Charlotte Wittenkamp is an organizational psychologist who since 2006 has counseled international transfers, immigrants, and foreign students in overcoming culture shock. Originating from Denmark, Charlotte has lived in California since 1998. Her own experiences relocating lead down a path of researc
Have you ever been in the company of people from another country and wondered “Why to they do that?” – “that” being anything from the way they greet each other to public policies we find highly exotic?
“Building Bridges across Cultural Differences” looks at foundations for these differences because in all human relationships, if we can find a satisfying answer to these “Whys”, we are much more likely to connect with people who at first glance seemed somewhat unpredictable.
Exploring values, history, and the ways societies are organized, the book touches on themes where people from very different backgrounds often disconnect. To make it easier to gain trust in people who don’t behave the way we are used to, the book goes deeper into differences in communication patterns. Even when you speak the same language it doesn’t mean that you hear the same things or that you focus on the same issues.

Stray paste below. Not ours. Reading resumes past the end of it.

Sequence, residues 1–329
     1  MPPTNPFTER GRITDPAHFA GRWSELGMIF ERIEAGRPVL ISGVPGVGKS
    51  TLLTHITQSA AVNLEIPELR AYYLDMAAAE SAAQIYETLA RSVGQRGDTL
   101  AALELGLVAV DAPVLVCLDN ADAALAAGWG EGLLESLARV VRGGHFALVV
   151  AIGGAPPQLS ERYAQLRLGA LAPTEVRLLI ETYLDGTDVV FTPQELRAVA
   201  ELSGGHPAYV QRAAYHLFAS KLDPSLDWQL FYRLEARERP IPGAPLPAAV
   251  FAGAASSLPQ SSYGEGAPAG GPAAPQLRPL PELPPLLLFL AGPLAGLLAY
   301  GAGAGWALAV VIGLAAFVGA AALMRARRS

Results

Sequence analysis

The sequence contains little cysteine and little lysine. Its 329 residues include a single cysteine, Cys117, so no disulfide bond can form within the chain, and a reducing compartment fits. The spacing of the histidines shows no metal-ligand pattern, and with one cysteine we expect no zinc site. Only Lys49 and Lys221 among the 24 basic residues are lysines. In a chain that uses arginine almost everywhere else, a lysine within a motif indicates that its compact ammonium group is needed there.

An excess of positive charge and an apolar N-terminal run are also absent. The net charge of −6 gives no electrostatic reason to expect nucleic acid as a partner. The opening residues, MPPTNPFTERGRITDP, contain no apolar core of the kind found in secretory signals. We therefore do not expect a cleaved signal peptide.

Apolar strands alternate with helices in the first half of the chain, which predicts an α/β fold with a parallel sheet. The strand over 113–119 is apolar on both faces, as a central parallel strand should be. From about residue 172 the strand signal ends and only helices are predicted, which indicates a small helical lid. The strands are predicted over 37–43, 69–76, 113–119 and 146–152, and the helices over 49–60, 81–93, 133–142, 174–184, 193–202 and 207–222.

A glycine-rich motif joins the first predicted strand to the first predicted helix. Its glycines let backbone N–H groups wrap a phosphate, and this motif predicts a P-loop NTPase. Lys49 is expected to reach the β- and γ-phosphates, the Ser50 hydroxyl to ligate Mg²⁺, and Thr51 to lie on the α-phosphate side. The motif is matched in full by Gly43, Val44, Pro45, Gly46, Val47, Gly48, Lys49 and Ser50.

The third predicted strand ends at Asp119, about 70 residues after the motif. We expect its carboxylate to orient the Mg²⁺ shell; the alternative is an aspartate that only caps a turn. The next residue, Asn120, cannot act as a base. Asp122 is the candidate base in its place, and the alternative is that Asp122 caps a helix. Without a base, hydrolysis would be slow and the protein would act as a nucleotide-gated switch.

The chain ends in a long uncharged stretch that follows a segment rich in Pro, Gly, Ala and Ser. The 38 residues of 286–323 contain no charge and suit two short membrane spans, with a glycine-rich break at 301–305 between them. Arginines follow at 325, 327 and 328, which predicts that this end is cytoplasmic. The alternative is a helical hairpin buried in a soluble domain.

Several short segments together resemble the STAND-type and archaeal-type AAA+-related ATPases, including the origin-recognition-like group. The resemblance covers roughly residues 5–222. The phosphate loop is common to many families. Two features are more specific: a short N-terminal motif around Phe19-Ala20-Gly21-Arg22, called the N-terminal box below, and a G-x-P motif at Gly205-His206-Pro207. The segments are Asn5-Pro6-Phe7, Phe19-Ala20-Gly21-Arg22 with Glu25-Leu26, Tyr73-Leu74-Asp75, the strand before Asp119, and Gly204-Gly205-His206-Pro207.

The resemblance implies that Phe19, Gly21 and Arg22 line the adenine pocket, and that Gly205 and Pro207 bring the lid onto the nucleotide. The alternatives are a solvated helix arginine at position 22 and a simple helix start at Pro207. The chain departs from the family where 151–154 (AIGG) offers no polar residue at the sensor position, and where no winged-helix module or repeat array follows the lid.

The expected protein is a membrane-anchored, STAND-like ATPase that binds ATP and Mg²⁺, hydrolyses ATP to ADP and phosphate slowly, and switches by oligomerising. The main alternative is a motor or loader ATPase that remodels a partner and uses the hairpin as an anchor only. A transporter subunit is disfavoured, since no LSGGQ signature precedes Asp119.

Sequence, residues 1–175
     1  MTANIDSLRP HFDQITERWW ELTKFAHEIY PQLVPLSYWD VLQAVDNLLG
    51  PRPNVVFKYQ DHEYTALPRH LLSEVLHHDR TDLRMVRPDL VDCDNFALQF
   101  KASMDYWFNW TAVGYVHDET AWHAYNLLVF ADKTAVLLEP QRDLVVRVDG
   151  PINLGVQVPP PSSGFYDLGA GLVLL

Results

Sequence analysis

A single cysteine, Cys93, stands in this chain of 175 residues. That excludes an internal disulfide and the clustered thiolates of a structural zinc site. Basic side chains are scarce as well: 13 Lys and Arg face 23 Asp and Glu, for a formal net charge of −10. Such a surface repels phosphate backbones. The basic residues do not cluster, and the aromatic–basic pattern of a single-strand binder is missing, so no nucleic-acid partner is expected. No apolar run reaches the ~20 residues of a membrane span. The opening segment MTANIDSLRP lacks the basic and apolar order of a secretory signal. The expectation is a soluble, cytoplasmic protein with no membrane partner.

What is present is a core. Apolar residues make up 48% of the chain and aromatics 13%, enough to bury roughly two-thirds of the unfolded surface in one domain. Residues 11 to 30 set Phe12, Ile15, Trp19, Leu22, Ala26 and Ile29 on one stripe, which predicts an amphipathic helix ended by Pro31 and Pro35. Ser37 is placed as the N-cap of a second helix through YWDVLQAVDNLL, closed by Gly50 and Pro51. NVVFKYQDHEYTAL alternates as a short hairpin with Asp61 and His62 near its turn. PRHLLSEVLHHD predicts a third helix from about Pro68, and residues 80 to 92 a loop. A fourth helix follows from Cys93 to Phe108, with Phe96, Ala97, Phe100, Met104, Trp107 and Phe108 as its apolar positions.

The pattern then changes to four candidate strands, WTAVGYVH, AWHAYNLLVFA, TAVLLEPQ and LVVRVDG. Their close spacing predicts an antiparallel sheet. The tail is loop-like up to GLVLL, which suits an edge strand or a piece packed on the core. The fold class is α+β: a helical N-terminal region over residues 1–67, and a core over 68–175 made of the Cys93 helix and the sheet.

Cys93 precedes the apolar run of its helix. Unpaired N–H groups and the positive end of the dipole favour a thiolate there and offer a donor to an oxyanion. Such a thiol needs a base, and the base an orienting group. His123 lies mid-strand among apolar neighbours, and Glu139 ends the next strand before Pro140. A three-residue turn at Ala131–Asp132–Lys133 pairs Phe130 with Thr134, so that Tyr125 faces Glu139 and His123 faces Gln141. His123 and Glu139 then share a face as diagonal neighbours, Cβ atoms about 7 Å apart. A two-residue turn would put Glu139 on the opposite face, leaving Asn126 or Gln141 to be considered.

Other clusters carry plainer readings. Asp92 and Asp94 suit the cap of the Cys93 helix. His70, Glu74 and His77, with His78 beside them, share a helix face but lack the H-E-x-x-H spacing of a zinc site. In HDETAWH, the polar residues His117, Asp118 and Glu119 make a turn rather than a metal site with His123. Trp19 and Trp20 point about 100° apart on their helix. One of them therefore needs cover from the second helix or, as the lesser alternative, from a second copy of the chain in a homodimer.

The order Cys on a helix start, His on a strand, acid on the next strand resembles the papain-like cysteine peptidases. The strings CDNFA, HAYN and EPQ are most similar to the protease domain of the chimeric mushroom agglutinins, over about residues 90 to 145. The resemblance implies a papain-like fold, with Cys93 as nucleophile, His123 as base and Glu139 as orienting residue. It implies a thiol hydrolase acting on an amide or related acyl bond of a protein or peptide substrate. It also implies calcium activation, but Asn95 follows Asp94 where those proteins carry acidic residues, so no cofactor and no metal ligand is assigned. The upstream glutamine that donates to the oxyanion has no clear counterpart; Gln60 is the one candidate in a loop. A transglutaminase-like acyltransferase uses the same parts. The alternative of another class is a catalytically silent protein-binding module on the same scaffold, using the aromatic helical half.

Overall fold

After having worked in Denmark with organizational development in the financial industry and with companies such as IBM and Motorola, my family moved to the San Francisco Bay Area in 1998 with a small startup. Several startups later, we still live here.
Without a work permit the first years of our life in the US, I went back to school to study psychology with a focus on cultural differences. I have since assisted numerous transfers, students, and au pairs with their transition in and out of the area and with their practical and emotional adjustment to the changed surroundings and expectations.
Did I experience culture shock? Yes indeed. The egalitarian Scandinavian mindset is very different from highly competitive USA.
Did I get back to my old self after recovery? No, I got back to my new self. Where my old self was focused on processes and data analysis, my new self is more focused on the person in front of me. (I still like to know what the data says. In some contexts, to me numbers speak louder than words.)
To all who have helped me in that transition, my heartfelt thanks. That is, by the way, part of the Silicon Valley culture: Pay it forward. So let me pass my experience on to you.